Sage is a leafy green herb that originates from the mint family. It is often used for cooking to add woodsy and slightly bitter undertones to any dish. The herb is most often used in holiday recipes but can be used in many recipes any time of the year.
Not only is sage a great herb to use in cooking, but it also has many medicinal properties to help improve digestion and lower “bad” cholesterol. This is why this herb pairs well with high fatty foods, such as pork and turkey. Perhaps this is the reason that sage can be found in so many holiday cuisines. If there is no sage available, there are quite a few herbs and seasonings that make great substitutes in recipes.
Rosemary works as a great substitute for sage in cooking since they have similar pine and woodsy undertones. Rosemary also boasts more of a balsamic and peppery taste in comparison to sage. This herb is a bit more potent, so it is best to use a 1 teaspoon of Rosemary to a 1 tablespoon of sage ratio in any recipe.
Unlike sage, Rosemary is harvested all year round and can easily be found in stores. You can either buy the sprigs fresh or dried, though the fresh leaves give the lightest and purest flavor. The dried sprigs give a spicier flavor, so when utilizing dried rosemary, it is best to use a fraction of the amount.
Marjoram is part of the same mint family as sage and mimics its flavor and aroma. Marjoram is more citrusy, yet milder in comparison to its counterpart. You may use the same measurements when cooking with marjoram as you would with sage since the herbs are both equally aromatic.
However, since this herb is milder, it does not retain its flavor as long when cooked. When utilizing marjoram, it is better to add it towards the end of cooking or as a garnish to the dish.
Thyme has a very similar flavor profile to sage since they are both from the mint family. Thyme adds a bit more of a citrusy and peppery undertone than sage does, but it still works as a great substitute. This herb is great for cooking since it can retain its flavor in long cooking times.
It retains its flavors when used in a braise or when cooking in the oven. When substituting thyme for sage, you may use the same measurements since thyme has a similar flavor profile.
For a flavor that is closest to sage, it is best to utilize fresh thyme leaves. If all that you have is dried thyme, it is best to reduce it to a teaspoon if the recipe calls for a tablespoon of sage.
Poultry seasoning is a dry blend of thyme, sage, rosemary, marjoram, nutmeg, and black pepper. Since sage is the main ingredient in this seasoning blend, it works well as a substitute. Poultry seasoning pairs well with dishes that can be heavily seasoned, such as chicken, turkey, or fish. You can use the same measurements for this seasoning as you would with sage.
The dried blend in poultry seasoning makes the flavor deeper and spicier. When it comes to more delicate dishes that do not need strong flavors, it is best to use a fraction of the amount.
There are many varieties of the savory herb, but summer and winter savory are the most common for cooking. These are great substitutes for sage when it comes to making a savory dish that utilizes sage.
Summer savory is popular for its sweet yet bitter, minty, peppery taste and aroma. It’s a bit milder in comparison to its counterpart, Winter savory. Summer savory is more popular than Winter savory. Due to its more subdued flavor, you may use the same measurement of Summer savory as you would with sage.
Winter savory has an earthy and bitter flavor, similar to sage. However, winter savory is much stronger in comparison to sage. When utilizing this spice, it is best to use half the measurement as you would use with sage.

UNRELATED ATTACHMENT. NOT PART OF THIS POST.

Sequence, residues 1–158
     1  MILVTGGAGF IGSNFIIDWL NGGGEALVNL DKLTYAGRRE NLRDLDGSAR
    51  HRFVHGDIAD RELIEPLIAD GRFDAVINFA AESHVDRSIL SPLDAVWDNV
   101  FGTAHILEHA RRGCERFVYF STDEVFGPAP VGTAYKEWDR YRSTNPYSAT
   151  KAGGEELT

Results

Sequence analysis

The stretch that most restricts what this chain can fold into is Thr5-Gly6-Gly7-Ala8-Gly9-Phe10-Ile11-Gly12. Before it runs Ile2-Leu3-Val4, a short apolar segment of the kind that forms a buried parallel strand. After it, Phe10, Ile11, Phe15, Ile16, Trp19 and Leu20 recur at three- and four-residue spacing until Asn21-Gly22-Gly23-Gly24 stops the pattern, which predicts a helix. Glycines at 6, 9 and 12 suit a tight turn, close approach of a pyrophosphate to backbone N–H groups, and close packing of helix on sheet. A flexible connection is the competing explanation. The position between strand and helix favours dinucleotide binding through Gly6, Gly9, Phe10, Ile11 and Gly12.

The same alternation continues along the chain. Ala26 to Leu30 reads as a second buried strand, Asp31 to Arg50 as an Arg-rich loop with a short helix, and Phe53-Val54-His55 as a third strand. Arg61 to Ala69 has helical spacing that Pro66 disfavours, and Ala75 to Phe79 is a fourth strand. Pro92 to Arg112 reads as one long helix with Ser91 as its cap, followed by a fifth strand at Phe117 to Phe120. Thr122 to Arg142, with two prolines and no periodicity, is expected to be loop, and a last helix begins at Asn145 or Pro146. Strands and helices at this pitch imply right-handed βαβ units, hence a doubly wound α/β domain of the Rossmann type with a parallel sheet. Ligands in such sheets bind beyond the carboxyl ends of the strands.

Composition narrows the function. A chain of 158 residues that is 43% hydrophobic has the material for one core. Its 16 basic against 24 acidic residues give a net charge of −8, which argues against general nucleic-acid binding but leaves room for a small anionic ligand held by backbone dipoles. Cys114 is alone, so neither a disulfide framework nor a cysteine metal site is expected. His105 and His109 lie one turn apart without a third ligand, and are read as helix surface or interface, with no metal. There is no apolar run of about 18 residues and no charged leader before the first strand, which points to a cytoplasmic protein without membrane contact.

Oregano’s flavor profile is similar to sage; they both have an earthy and bitter flavor. Thanks to their origination from the mint family, oregano is a great substitute for sage. Oregano also gives hints of a sweet and peppery taste. This spice also withstands its aroma and flavor when cooked for a longer period of time.
You can find this herb in its fresh leafy form, or in a dried seasoning. When Oregano is fresh, it has a much more potent flavor, which is a great substitute for sage when it comes to savory dishes. Just be sure to remove the fresh leaves before serving so you don’t get a bitter bite mixed in with your dish!
Just like sage, basil also originates from the mint family. It has a similar bitter flavor to sage, yet offers a peppery, lemony, anise-like, and somewhat sweet flavor profile.
Basil can often be found in stores all year round either fresh or dried. If you would like a more potent flavor, it is best to buy dried basil. Fresh basil offers a more mild taste that pairs well with tomatoes in salads or even on pizzas.
Since sage originates from the mint family, mint is definitely a viable option for substitution. Their flavor profiles have some similarities as well as some dissimilarities, but mint can still be used in a pinch.
Mint has a much stronger, peppery, and sweet flavor in comparison to sage. For this reason, it is best to cut the amount of mint in half from the original measurement of sage. The fresh leaves have the most potent flavor and aroma, so you can cut back on the striking taste by using dried leaves.
Sage Essential Oil
Sage essential oil is much more potent than its fresh or dried leaves, but can still be used as a substitute in cooking. Essential oils are edible, but should only be used in small amounts due to their very concentrated flavor.
When using sage essential oils, be aware that a little goes a long way. A drop or two of the oil can be a great substitution for a recipe that utilizes the flavor profile of sage.
Looking for other substitutions? There are substitutions for many ingredients like cornmeal, cardamom, mushrooms and ground mustard.
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